The browser will now show a warning in the event that what a user is installing is not considered “trusted.” For an extension to be trusted, it needs to originate from a developer that has complied with Google’s Developer Program Policies and should have been available for “at least a few months.” Brand-new developers won’t immediately be considered trusted by Google.
When a user attempts to download an extension that’s not trusted, Chrome will show a pop-up warning that you should “proceed with caution.” However, there’s still the option to “continue to install” the extension. Google says nearly three-quarters of the extensions on Chrome’s store will be considered trusted under its criteria. Not being “trusted” doesn’t mean Google thinks an extension is dangerous, but that its developer might be newer to the store or may have recently committed a minor policy violation.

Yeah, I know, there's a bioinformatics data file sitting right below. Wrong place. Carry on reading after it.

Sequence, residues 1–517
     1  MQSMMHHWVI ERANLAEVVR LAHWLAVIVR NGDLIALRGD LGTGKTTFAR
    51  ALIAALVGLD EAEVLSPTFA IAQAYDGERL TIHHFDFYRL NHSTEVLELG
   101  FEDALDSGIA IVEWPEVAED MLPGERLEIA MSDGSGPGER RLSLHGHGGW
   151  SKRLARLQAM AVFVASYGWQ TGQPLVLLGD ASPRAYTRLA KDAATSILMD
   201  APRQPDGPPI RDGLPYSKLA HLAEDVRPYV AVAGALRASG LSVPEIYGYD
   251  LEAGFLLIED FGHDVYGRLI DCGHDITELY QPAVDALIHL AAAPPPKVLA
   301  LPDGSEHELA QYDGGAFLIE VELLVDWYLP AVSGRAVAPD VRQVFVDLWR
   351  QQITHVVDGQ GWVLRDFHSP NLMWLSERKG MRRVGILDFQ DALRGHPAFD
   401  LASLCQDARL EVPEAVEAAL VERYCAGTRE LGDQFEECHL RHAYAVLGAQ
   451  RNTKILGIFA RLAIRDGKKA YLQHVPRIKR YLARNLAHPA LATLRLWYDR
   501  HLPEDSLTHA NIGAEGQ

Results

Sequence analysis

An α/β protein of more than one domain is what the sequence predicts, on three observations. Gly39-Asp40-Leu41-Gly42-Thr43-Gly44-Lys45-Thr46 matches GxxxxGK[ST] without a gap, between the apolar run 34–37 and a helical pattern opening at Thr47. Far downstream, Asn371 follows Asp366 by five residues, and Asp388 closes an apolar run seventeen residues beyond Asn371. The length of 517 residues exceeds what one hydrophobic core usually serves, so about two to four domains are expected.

Apart from the extension feature, Chrome is also adding a new scanning feature for suspicious-looking downloads. In the future, any downloads that seem “risky, but not clearly unsafe” will offer an option to upload them to Google’s servers for a more thorough scan. This process can be ignored by a user, but it offers an extra layer of protection when downloading files from the web. The new scanning option is offered in addition to the existing metadata checks that Chrome currently performs on downloads.
According to the company, the new updates are rolling out gradually for Chrome 91, the version of the browser that released recently.